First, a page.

How to Determine If Your Tech Business Takes Enough Risks

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How to Determine If Your Tech Business Takes Enough Risks

Mon, 01/16/2023 - 11:55
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Starting a company is a risk in itself. Tech businesses sometimes take years to see growth. It’s natural to feel pressure as an entrepreneur with employees and clients relying on success. Unfortunately, some CEOs get into the habit of avoiding risks and taking the safe road. Doing so may mean the brand misses out on excellent opportunities. 

Finding the right balance between risk-taking and risk-avoidance ensures a brand grows steadily without imploding on itself. Taking the wrong risks costs companies money and may even cause them to shut their doors permanently.

How Do You Measure Business Risk Level?

Learning how to manage risks helps companies know which ones are worth taking a chance on and which ones to avoid. Choose the right ratio to measure risk for each point. For example, the contribution margin ratio is calculated by taking net sales, subtracting costs and dividing by sales revenue. 

Calculating risk gives business owners some peace of mind on which things they should take a chance on. Data allows one to see which risks to take first and which to sideline. Here are the top questions to determine if a business is taking the right risks and enough of them. 

1. What Is the Return on Investment?

If taking a risk makes sense financially, the next step is to figure out what the return on investment (ROI) might be for a particular risk. Stepping out on a ledge makes sense if the potential pay off is big enough to take a company to another level. However, extreme risk isn’t always worth it if the ROI isn’t high.

Companies grow more quickly with high ROI. Make sure the reward outweighs the worries that intrinsically come with action.

2. How Is the Business Using Technology?

Tech companies sometimes spend their time creating new products for clients and forget to keep the technology they use with those customers up to date. Turn your clients into the decision makers by tapping into the power of AI applications. Don’t be afraid to try something new with your customers if it benefits the brand as a whole.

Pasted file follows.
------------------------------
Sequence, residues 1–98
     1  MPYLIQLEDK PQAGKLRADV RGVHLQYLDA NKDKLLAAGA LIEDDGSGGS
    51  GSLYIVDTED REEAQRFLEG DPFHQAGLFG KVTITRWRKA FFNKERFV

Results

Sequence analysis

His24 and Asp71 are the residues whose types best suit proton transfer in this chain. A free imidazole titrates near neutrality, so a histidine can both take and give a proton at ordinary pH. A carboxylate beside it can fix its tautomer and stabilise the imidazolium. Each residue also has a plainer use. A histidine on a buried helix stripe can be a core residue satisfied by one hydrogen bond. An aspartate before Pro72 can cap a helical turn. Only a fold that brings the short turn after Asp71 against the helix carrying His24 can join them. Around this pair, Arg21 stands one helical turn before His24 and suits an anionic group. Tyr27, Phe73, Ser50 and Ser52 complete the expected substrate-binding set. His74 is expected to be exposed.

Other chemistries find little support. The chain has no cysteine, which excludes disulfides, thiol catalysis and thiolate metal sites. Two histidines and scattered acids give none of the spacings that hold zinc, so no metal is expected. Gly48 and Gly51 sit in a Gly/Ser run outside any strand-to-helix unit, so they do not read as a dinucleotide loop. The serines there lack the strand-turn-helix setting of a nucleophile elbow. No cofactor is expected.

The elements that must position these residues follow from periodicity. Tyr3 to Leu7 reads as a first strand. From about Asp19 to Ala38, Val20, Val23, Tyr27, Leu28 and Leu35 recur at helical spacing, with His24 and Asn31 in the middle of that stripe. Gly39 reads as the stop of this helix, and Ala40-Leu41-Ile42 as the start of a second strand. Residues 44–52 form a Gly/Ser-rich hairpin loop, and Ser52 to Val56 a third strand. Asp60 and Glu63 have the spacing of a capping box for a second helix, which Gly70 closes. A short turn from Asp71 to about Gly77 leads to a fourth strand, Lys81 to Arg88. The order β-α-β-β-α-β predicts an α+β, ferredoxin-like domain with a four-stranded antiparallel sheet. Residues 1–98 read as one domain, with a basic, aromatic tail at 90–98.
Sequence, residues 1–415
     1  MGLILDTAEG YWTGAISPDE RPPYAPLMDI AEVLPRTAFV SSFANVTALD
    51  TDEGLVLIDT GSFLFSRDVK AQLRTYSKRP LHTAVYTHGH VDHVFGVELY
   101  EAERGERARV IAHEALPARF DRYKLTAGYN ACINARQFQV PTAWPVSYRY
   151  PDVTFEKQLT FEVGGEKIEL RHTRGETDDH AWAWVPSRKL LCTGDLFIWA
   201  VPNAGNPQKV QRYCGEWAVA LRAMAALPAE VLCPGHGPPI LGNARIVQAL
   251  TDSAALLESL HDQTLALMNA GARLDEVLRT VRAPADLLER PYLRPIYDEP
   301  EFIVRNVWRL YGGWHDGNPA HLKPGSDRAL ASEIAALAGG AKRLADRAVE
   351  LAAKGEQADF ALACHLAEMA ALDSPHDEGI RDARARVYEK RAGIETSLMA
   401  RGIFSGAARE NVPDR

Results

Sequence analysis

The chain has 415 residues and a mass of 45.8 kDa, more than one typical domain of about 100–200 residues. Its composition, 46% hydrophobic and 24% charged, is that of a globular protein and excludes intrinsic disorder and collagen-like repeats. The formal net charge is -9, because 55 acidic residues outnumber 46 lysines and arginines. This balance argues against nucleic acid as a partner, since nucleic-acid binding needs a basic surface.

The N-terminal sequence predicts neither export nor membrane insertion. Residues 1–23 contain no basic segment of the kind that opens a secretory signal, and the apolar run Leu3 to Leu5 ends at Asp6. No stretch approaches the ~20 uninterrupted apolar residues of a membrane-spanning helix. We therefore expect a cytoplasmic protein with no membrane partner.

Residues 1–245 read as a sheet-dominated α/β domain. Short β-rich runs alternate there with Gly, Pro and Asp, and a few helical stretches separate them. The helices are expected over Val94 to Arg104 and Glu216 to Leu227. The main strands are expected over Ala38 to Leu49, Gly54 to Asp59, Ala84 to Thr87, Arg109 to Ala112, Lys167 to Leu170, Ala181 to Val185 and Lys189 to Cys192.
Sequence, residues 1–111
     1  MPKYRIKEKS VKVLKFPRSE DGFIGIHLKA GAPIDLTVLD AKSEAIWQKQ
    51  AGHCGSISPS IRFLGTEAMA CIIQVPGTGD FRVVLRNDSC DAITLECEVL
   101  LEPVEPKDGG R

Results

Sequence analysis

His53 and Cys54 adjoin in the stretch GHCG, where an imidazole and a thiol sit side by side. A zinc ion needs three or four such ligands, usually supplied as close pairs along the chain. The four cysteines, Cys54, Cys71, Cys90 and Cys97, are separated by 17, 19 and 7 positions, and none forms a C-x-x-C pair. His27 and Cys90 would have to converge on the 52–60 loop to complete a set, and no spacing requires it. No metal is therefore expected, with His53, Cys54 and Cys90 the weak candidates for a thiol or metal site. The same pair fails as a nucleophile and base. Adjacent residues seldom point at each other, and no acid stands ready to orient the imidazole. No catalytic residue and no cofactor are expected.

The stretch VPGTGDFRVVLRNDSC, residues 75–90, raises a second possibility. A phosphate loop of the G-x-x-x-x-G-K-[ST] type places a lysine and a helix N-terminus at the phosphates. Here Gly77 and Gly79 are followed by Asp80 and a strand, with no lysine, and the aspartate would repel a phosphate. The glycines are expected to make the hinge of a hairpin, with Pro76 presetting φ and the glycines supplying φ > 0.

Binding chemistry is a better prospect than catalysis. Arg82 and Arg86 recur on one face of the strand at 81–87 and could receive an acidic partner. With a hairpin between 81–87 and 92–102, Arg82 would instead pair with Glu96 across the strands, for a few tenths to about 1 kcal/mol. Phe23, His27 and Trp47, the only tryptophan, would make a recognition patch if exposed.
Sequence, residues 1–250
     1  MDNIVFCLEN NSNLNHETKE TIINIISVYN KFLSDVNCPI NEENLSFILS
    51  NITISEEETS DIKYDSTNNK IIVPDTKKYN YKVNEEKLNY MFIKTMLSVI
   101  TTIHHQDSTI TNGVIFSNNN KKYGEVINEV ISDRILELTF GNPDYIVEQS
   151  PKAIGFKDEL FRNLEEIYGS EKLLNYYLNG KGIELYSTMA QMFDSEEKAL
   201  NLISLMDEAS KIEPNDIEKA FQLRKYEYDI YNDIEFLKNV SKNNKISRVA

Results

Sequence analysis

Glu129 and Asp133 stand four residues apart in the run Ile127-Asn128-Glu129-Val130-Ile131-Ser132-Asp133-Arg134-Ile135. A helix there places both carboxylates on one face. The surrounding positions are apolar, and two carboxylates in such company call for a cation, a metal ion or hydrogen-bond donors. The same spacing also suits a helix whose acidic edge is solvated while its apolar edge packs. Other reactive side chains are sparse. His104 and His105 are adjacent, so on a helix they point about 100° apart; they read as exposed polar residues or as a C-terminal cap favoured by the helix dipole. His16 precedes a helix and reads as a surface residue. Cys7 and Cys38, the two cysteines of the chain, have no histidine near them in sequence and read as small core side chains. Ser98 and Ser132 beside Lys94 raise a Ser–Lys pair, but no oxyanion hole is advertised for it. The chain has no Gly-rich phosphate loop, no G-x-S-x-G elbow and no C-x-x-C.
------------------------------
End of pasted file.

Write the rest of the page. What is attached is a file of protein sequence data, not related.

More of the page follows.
Ask questions they can answer with a tap on the smartphone screen. Look at what competitors use to drive growth. What technology is pricey but worth the investment? It's only a risk if it's completely unproven. Most new tech saves users time or improves output. 

3. What Is the Worst That Could Happen?

Some businesses fail to take enough risks out of fear. However, thinking about what the worst is that can happen helps manage the worries and also gives business leaders an idea of whether or not they can recover if the absolute worst does happen.

Ask what the worst is. What would the company response be in a worst case scenario? Is the potential payoff worth the risk? 

4. Is the Company Proactive About Risk?

When a brand manages risk in smart ways, it makes sense to take more of them. Having a plan in place for dealing with a variety of pitfalls not only creates a rapid response but reduces risk.

Proactive risk management applies to everything from hiring new employees to launching a new product. Business leadership should have a plan and implement it immediately when risk taking backfires. 

5. How Safe Are Investments?

Financial risks top the list of small business concerns. It's important to have some money socked away for a rainy day. How much risk should one take with company money, though?

Avoid risky investments and instead put savings into a money market account. Most money markets need a minimum balance of $2,500 to open. Once enough money is in a safe strategy, additional surplus can go into riskier stocks or investments. 

6. Does Risk Management Align with Corporate Strategy?

It’s important to align values with risk taking. If corporate strategy is for slow and steady growth, but management keeps taking huge risks in a gamble to grow rapidly, the two aren’t in harmony. Either the strategy or the risk must change so the two more closely align.

Whenever uncertain about balance between risk management and mission, consult department heads and even outside parties to see how they view the brand. 

7. Do You Keep a Record?

Leaders sometimes assume the brand takes more risks than it actually does. Keeping track of which risks the company embraced and which ones it avoided can help one see how often changes make a difference. Keep track not only of the risk taken, but of ones avoided. Jot down how successful each risk taking attempt was.

Record keeping also allows entrepreneurs to look at what went wrong and how to fix it next time. Over the growth of a company, failures come and go. Knowing how to avoid them the next time is part of the process and helps brands find success in the long run. 

8. What Are the Company’s Most Important Assets?

Take stock of the businesses most crucial assets. There are some things one shouldn’t put at risk. If the possibility of harming a product’s reputation or taking big financial hits might destroy the entire company, avoid such chances. 

Small Steps Make a Big Difference

For entrepreneurs still feeling uncertain about trying new things, start with something small. Smaller risks are sometimes easier to manage because failure costs less. Make one minor change and then another until big changes become second nature. Mitigating risk is a matter of taking the right steps and trying new things frequently.